How Consolidate Your Debt

Ever wondered if it is possible to consolidate your debt? A reader by the name of Ricky has written on a blog, that since his divorce, he has been trying to get back on track by consolidating his bills.

Norma, another reader, also wrote on the blog claiming that the interest on her credit card was ridiculously high. She wanted to consolidate her debt into one payment and applied for a loan to do this. She added that she did not get the loan because of a bad credit report. This is in spite of her automatic payments always being on time. Her Chase and Sears interest rates had risen, one to 16.24% and the other to 29.99%. She wanted to know how this could be possible – how could such high interest rates be charged on credit cards – it was hardly worth having one.

How to consolidate your debt

Before applying to consolidate your debt, consider these tips and advice –

  1. Check Credit Scores and Credit Reports

Each of the major credit reporting companies will give you a free credit report annually – the first step on the way to consolidate your debt.  Review your credit reports well so that you are not turned down the way Norma was. There are possibly even errors or negative notes on your credit report which you are not even aware of. Consolidate Your DebtCheck your credit score where you will find information on how to improve your credit score and consolidate your debt. You will find out whether your credit rating is very good, average or not good.

  1. Debt inventory

Make an inventory of all debt owing on loans or credit cards you want to consolidate y our debt plus your monthly payments and interest rates, and consider consolidating the high interest rate ones first.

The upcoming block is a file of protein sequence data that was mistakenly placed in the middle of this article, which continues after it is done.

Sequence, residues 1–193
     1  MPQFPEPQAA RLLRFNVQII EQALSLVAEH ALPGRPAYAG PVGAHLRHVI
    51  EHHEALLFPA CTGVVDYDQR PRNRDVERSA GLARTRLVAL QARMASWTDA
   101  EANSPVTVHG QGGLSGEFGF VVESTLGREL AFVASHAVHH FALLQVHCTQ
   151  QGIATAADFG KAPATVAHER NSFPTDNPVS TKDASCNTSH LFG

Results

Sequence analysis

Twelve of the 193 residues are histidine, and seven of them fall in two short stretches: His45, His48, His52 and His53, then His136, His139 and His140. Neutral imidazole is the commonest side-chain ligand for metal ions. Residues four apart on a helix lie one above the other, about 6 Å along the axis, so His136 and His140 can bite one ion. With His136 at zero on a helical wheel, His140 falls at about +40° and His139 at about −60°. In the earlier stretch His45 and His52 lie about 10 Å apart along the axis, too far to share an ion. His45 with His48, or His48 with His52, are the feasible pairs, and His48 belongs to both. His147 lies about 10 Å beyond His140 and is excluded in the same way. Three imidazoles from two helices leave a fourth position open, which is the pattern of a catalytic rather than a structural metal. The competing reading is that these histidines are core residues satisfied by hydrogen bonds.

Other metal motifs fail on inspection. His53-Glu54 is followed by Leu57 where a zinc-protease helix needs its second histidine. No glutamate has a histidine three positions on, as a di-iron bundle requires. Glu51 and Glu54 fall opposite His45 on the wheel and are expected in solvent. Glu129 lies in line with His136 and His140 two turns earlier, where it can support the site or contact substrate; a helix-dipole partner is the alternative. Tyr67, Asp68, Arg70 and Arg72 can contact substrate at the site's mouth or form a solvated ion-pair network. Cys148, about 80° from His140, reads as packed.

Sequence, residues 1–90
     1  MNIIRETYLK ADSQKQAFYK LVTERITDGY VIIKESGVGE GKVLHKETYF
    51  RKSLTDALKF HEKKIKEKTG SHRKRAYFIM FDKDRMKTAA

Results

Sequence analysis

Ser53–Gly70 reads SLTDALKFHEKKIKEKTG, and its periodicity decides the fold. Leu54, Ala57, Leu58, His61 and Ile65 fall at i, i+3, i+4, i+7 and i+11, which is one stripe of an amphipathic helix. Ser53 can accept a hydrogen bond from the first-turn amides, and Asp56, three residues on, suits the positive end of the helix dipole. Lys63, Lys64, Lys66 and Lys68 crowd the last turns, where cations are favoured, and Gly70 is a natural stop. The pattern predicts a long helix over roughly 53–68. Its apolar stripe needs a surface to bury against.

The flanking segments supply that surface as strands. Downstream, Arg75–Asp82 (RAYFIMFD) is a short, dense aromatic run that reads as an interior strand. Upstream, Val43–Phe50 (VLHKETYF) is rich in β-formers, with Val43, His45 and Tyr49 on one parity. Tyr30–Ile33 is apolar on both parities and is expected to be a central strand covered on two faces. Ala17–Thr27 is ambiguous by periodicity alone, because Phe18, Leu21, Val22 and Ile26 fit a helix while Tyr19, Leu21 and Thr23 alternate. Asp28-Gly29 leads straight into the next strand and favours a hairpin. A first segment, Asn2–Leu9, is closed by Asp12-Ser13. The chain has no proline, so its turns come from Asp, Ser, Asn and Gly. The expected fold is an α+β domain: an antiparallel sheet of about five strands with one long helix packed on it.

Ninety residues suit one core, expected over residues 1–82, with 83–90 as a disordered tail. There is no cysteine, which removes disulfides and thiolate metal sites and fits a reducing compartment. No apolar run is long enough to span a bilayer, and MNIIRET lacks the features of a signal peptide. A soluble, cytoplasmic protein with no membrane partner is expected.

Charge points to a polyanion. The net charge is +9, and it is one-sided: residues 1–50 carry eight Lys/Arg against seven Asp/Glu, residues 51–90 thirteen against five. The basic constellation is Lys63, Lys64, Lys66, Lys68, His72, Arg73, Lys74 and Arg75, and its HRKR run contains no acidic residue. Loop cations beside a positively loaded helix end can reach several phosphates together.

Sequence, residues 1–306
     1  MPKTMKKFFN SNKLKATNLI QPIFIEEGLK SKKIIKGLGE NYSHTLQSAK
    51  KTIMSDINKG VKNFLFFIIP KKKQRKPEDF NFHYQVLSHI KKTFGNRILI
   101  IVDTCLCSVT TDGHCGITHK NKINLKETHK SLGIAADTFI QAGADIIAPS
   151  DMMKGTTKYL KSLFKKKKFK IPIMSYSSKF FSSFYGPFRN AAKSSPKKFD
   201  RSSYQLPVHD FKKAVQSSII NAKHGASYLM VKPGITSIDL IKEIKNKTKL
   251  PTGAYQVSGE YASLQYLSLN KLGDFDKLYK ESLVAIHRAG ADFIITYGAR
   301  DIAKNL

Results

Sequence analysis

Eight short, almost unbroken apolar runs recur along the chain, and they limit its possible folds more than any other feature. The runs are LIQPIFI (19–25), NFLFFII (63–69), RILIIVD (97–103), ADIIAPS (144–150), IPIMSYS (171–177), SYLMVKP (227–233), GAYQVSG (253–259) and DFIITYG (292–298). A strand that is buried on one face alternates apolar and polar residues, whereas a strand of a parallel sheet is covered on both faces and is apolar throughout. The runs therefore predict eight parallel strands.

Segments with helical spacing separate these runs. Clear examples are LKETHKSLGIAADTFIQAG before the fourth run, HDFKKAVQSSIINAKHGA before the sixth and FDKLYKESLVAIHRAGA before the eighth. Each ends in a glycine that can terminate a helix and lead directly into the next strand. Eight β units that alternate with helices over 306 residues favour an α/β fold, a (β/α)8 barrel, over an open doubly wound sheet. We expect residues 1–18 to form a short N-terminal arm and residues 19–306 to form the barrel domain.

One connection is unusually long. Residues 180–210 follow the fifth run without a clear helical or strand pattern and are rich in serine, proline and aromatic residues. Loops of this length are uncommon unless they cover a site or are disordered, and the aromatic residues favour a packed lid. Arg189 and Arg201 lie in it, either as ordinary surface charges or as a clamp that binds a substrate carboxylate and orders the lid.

1. Find a Reputable Financial Provider

Your bank might give you a loan to consolidate all your debt. You may also be able to transfer a balance from a credit card with a high rate to a credit card with a low rate. Ensure you deal with reputable companies and not ones who will use your information fraudulently. Find a financial provider who will provide you with information on their requirements. You get some financial providers who require minimal credit scores and others who won’t give credit to anyone who has been bankruptcy-listed. 

  1. Applying for a Debt Consolidation Loan

As soon as you have found out what your lender’s requirements are, it time to apply for your consolidation loan. If you are turned down, it would be wise to find out why. There may be something small standing in your way, and once this is sorted out, you may well be reconsidered. Sometimes it can be helpful discussing your concerns with a credit counselling agency. They assist clients by helping to lower interest rates or payments via a debt management agency. You make one payment to the agency and they will then distribute your money to your creditors.

Make Your Monthly Payments as High as Possible to Consolidate Your Debt

Once you have been approved for debt consolidation, remember to look at the loan amount wisely. A consolidation loan isn’t a remedy for your debt problem, and to benefit from the loan, you will need to proceed with caution. The idea is to pay off your debt quickly. An attractive feature of consolidation loans is the potential for lower monthly payments. Just remember though that if the reduced payment is simply spread over a longer period of time, you’re going to be paying more. Set your monthly payment as high as possible because this way you’ll end up paying less in the long run.

Remember, dig yourself out of debt, not into it! Consolidate your debt now.

* YouTube video about consolidating debt


All info was correct at time of publishing